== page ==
culinary review

Whole Wheat Pita Breads

Last Modified: 05/30/12
First Published: 05/30/12
Views: 5524
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Views: 5524

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General Info
Servings: 16
Total Cost: $1.12
Cost Per Serving: $0.07
Total Calories: 1,419
Calories/Serving: 89
Water 2 1/2 Cups 567.50 Grams $0.00 0
Yeast, Instant, Fast Rising 2 Teaspoons 16.00 Grams $0.57 0
Flour, Whole Wheat 5 Cups 350.00 Grams $0.32 1,300
Salt, Table 1 Tablespoon 18.00 Grams $0.03 0
Olive Oil, Extra Virgin 1 Tablespoon 13.50 Grams $0.20 119

Pita breads are easy to make and so much more delicious than the store-bought variety. This recipe is inspired from the pita bread in "Flatbreads & Flavors: A Baker's Atlas" by Jeffrey Alford & Naomi Duguid which is a real treasure when it comes to finding good flatbread recipes.

We used 100% whole wheat flour and it turned out delicious. However if you prefer, you could substitute half of the whole wheat for regular white flour. One thing to remember though is, when you bake 100% whole wheat breads, it's very important that the flour is fresh, otherwise the bread can easily end up tasting rancid and dense. Therefore it's always a good idea to store your whole wheat flour in the freezer. We also kneaded this dough by hand, however you could certainly use the machine if you prefer.

These pita breads are great to eat with lots of different fillings and they make perfect picnic food. We particular like to eat them with fried falafel balls, lettuce and tahini sauce for authentic Middle Eastern falafel sandwiches.

16 pita breads


  • 2 tsp instant yeast
  • 2 1/2 cups water
  • 5 cups fresh whole wheat flour
  • 1 tbsp salt
  • 1 tbsp olive oil


Pour the water, yeast and three cups of flour into a mixing bowl and combine. Stir with a wooden spoon for about one minute to get the gluten to develop. Cover with plastic wrap and let sit for 10 minutes or up to 2 hours and develop.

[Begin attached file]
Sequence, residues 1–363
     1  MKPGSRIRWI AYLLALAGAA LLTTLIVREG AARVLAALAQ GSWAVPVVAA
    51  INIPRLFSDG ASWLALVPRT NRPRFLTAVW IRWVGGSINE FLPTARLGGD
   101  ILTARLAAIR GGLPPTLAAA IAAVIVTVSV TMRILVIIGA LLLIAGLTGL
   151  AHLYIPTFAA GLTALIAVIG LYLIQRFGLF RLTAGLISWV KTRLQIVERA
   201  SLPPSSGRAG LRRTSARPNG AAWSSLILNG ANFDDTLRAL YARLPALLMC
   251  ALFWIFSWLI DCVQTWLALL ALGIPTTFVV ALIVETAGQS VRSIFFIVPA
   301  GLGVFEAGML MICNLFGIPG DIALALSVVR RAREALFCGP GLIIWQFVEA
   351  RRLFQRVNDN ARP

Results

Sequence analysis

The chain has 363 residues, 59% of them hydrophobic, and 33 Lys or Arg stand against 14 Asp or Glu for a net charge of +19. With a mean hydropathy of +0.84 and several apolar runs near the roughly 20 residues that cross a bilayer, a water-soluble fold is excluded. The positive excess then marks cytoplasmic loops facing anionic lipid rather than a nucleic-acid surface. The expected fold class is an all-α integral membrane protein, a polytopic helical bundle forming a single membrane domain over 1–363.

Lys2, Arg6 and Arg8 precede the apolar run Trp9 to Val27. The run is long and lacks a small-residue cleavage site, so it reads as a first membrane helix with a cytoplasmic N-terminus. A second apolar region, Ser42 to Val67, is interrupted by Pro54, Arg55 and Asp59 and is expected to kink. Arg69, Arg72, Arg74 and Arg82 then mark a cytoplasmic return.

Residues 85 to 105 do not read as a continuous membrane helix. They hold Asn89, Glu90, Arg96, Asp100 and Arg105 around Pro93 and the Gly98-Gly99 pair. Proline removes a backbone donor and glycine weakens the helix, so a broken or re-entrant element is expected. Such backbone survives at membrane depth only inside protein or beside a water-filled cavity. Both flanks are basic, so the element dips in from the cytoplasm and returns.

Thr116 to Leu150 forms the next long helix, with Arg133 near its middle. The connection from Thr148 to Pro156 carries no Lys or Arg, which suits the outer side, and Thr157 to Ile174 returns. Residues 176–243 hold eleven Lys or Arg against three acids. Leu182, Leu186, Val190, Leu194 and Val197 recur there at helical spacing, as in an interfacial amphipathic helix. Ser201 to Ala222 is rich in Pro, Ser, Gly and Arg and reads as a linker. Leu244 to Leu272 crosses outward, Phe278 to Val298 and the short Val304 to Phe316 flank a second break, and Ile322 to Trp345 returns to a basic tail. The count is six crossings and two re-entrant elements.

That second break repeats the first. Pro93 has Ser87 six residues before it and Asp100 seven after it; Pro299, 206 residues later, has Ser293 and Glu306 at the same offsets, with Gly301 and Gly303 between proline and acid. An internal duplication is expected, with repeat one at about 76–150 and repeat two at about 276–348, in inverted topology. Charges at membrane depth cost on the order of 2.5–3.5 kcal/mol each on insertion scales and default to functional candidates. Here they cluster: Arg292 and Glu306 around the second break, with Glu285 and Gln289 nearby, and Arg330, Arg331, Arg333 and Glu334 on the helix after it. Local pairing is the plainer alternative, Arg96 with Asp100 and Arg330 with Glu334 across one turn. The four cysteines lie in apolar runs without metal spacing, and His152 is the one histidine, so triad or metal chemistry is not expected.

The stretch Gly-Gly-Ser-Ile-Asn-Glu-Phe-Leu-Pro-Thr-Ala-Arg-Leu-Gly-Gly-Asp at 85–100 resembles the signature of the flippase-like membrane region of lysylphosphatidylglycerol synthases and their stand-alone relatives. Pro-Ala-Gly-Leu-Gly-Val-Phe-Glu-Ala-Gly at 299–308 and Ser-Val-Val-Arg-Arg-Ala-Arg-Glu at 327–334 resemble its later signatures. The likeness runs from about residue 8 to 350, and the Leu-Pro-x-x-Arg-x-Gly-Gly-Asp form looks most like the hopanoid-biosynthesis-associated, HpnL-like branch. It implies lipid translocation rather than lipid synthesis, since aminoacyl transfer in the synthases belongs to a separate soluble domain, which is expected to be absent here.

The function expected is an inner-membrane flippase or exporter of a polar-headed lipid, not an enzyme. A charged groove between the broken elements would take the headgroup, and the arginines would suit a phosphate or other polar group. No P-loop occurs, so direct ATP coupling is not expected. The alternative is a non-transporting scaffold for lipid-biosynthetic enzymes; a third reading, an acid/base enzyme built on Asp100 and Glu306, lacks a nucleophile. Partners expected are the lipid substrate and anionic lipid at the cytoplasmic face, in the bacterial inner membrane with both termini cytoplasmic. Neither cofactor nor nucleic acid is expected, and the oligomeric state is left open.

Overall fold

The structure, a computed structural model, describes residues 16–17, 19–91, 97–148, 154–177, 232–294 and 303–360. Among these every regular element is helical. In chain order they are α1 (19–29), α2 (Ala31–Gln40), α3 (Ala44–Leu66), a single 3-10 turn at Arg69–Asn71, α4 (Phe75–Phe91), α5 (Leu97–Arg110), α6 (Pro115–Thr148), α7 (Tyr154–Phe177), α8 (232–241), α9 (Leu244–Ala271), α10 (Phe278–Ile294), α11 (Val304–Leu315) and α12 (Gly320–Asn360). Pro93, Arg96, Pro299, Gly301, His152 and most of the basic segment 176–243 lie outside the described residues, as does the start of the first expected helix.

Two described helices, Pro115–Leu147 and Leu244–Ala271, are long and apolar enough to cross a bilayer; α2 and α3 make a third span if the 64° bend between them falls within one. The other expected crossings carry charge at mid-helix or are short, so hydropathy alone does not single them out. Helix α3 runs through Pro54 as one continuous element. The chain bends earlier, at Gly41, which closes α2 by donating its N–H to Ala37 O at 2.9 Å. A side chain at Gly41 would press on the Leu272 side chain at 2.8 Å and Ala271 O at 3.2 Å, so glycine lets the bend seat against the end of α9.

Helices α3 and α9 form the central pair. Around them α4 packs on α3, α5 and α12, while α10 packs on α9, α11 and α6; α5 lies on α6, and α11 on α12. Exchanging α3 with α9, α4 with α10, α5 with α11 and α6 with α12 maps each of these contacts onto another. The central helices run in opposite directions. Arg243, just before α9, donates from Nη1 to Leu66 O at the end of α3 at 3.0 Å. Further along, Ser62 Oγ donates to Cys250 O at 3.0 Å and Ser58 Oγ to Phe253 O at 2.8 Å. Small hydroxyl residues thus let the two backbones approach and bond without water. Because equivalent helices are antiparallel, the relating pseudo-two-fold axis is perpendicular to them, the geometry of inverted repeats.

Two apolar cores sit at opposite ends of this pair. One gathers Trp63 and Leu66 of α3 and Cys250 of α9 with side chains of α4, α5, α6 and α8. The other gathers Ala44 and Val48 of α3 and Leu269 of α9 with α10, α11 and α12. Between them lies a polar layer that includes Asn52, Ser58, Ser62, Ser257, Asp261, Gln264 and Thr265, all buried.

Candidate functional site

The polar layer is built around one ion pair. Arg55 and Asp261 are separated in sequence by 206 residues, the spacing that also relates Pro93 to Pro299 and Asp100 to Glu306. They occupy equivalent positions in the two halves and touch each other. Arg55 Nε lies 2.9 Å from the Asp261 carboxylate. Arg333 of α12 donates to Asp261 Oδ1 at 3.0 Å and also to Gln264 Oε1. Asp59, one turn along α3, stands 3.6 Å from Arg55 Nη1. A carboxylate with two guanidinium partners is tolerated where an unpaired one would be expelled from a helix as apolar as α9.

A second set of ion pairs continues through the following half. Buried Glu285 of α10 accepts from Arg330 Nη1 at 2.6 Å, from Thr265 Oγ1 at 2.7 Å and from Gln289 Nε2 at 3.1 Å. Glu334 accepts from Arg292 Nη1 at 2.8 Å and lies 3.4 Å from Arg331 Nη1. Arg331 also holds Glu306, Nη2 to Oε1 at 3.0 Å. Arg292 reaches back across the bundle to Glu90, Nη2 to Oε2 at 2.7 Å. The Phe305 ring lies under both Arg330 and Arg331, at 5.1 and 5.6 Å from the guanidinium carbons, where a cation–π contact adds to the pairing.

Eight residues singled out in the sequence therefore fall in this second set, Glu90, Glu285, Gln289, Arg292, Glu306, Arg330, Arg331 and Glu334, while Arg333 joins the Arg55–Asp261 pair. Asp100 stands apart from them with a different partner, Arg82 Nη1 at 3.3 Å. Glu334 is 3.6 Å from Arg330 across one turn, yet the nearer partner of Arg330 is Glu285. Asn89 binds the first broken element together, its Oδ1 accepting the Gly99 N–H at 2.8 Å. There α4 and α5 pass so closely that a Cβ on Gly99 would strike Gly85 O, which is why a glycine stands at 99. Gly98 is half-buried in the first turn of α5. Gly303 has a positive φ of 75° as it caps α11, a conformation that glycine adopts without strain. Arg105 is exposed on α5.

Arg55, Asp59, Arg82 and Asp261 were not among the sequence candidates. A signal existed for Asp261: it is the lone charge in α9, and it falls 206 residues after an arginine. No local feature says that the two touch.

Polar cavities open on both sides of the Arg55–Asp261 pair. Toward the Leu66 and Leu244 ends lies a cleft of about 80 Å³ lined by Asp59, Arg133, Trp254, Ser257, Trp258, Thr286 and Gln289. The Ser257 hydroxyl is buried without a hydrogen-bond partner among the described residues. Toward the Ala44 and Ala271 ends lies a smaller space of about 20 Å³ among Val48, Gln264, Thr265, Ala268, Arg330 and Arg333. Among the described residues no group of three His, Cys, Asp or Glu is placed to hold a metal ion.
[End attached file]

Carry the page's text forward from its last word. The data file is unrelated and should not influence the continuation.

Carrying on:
At this point add the salt and the olive oil and stir together. Add two cups of more flour, a little bit at a time and stir until you have a rough dough. Scrape the dough out onto a floured counter and knead for eight to ten minutes by hand. If the dough is sticky, add a little more flour. It should be easy to work with.

Transfer the dough to an oiled bowl, cover with plastic wrap and let rise for 1 1/2 hours. You could also refrigerate the dough at this point (or even right after you transfer the dough to the bowl since it will rise slowly in the refrigerator anyway.)

Heat oven to 450 degrees, and make sure you have a large baking stone or unglazed tiles in the oven as it heats up.

Divide the dough in half, set one half around (if the dough was refrigerated, make sure it comes back to room temperature before doing this step.) Divide half the dough in eight equal pieces. Roll each out to a circle, about 8 to 9 inches in diameter. Cover the rolled-out doughs until baking.

Bake two breads at a time for 2-3 minutes right on the stone until they have ballooned. Wrap baked breads in kitchen towel to keep them warm and soft.

These breads don't really store that well out in room temperature, so either eat them within a few hours, or freeze.